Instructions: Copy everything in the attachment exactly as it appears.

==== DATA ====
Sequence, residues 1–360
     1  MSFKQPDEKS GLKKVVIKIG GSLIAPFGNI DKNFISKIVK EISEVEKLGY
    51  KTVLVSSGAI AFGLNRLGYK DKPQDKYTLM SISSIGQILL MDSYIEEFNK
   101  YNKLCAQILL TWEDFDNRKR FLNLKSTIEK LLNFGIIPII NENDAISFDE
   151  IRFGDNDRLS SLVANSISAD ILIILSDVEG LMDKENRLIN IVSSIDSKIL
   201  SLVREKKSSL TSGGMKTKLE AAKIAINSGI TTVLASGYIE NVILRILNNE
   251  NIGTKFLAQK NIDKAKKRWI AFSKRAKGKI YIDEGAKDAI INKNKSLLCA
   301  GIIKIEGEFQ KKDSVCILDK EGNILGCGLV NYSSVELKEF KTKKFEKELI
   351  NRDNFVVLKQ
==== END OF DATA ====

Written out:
Sequence, residues 1–360
     1  MSFKQPDEKS GLKKVVIKIG GSLIAPFGNI DKNFISKIVK EISEVEKLGY
    51  KTVLVSSGAI AFGLNRLGYK DKPQDKYTLM SISSIGQILL MDSYIEEFNK
   101  YNKLCAQILL TWEDFDNRKR FLNLKSTIEK LLNFGIIPII NENDAISFDE
   151  IRFGDNDRLS SLVANSISAD ILIILSDVEG LMDKENRLIN IVSSIDSKIL
   201  SLVREKKSSL TSGGMKTKLE AAKIAINSGI TTVLASGYIE NVILRILNNE
   251  NIGTKFLAQK NIDKAKKRWI AFSKRAKGKI YIDEGAKDAI INKNKSLLCA
   301  GIIKIEGEFQ KKDSVCILDK EGNILGCGLV NYSSVELKEF KTKKFEKELI
   351  NRDNFVVLKQ